The antenatal checklist

  • By Team TDO

Becoming pregnant is exciting as well as scary. There's a lot of planning involved, tests to be done and precautions to be taken. All this information can be overwhelming if you are a new mom-to-be. We hope these tips on antenatal care will reduce some of the confusion you are facing.

Calculating your due date

An exact due date helps monitor progress, baby's growth, and plan tests and procedures at the right time. Due date is calculated from the date of the last period. An early ultrasound may be needed if the date is not known or your periods are irregular. It is usually 9 months and 9 days from the last menstrual period. (Consider the first day of last menstrual period.)

See a doctor

Take an appointment and register for antenatal care with a good gynecologist. First prenatal visit will be usually at fourth week. It will include recording a detailed personal and family medical history, physical examination, checking the medication you are on, history of menstrual cycle, along with a pelvic examination by the doctor.

Inform the doctor of any changes you feel and feel free to ask any queries. The doctor should be informed of any abdominal pain, nausea, vomiting, backache, and weight loss or gain. The doctor should also be informed of the first flutter or kick. This usually happens by about the 20th week. It might happen earlier in women who have been pregnant before.

Tests and examination

The first routine blood test is to detect blood group and hemoglobin level to rule out anemia. Urine test is done at routine screening to rule out any urinary tract infection and other conditions.

Mother is tested for syphilis, hepatitis B, and rubella. Test for chicken pox is done depending on status of earlier immunization. Pap smear, culture to test Chlamydia and gonorrhea are also done. A blood test for HIV is offered. Be sure to ask for it if it is not requested by the doctor.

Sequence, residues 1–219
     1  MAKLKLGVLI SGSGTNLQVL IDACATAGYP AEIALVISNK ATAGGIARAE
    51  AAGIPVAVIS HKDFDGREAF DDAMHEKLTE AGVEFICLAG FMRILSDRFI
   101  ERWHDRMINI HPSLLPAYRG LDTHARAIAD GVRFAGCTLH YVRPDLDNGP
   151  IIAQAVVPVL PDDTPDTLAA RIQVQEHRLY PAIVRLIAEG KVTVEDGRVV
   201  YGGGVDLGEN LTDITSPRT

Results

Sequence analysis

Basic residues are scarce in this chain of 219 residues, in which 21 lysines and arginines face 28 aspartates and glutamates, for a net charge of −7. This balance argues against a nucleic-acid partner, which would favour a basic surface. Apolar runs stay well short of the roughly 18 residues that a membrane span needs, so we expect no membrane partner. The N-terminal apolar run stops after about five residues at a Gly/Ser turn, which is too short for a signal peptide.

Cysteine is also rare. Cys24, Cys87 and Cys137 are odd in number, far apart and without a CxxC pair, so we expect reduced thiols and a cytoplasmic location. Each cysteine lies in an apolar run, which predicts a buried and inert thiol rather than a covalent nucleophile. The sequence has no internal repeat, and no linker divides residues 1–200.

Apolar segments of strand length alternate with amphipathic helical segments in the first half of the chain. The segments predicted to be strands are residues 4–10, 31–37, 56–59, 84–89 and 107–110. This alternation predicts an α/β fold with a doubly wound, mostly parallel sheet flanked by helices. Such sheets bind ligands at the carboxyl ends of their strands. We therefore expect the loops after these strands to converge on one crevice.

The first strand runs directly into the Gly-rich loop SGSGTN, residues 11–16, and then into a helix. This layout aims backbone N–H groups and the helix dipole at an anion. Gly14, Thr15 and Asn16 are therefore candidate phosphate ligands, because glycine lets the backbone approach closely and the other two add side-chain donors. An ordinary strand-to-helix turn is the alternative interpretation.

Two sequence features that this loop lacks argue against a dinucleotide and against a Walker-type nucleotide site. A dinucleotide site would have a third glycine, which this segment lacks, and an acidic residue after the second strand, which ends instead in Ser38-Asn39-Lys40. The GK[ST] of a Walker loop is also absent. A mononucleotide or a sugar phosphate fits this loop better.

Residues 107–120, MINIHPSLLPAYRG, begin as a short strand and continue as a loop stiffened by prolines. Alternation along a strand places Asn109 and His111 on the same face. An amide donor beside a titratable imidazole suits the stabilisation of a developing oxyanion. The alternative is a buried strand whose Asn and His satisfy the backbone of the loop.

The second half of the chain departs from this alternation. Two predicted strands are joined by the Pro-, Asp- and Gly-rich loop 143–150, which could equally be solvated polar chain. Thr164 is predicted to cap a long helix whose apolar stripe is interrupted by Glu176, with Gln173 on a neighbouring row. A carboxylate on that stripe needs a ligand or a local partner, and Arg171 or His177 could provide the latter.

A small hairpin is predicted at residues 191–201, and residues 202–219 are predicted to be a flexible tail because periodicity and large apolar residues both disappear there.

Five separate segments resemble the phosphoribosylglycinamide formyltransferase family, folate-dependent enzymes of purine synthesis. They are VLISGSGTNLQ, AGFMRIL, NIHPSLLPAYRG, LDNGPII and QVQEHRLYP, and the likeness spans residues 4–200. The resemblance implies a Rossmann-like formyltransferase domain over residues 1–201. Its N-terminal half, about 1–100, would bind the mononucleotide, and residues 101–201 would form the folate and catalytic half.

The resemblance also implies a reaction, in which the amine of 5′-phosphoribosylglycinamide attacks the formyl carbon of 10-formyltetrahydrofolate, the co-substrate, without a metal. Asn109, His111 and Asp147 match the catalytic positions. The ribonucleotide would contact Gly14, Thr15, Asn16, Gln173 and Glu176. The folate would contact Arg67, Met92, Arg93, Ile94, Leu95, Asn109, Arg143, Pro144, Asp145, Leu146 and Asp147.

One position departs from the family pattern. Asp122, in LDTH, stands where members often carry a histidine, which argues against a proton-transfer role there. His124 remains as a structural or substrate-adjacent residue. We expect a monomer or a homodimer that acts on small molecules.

Such diseases, if treated during the pregnancy, can reduce the risk of passing it to the baby. Vaccines like measles, mumps, Rubella (MMR), chicken pox, BCG (tuberculosis) and flu vaccine are not recommended during pregnancy.

A blood test and first ultrasound is done during the second month. It measures the fluid at back of baby's neck (nuchal translucency). These evaluate the baby's risk for developing Down syndrome and other chromosomal abnormalities.

If the mothers has Rh negative blood group, and the father has Rh positive blood then a test needs to be done to test for Rh antibodies. These develop if baby is Rh positive. Antibodies can cross placenta and harm the baby if not treated, especially in the 2nd pregnancy.

Amniocentesis is advised in case of abnormality in the blood test or ultrasound or any other risk factor.

A glucose screening test to check for gestational diabetes is done between the 24th and 28th week, and possibly another blood test to check for anemia.

When the due date is near

Keep a track of how often fetal movements are felt. The doctor should be informed immediately if fetal movement is felt less than usual.

When the due date is near, antenatal visits are scheduled every two weeks and weekly from the beginning of the 36th week.

Make sure to ask for a second dose of tetanus vaccine to be given approximately four weeks prior to the expected date of delivery.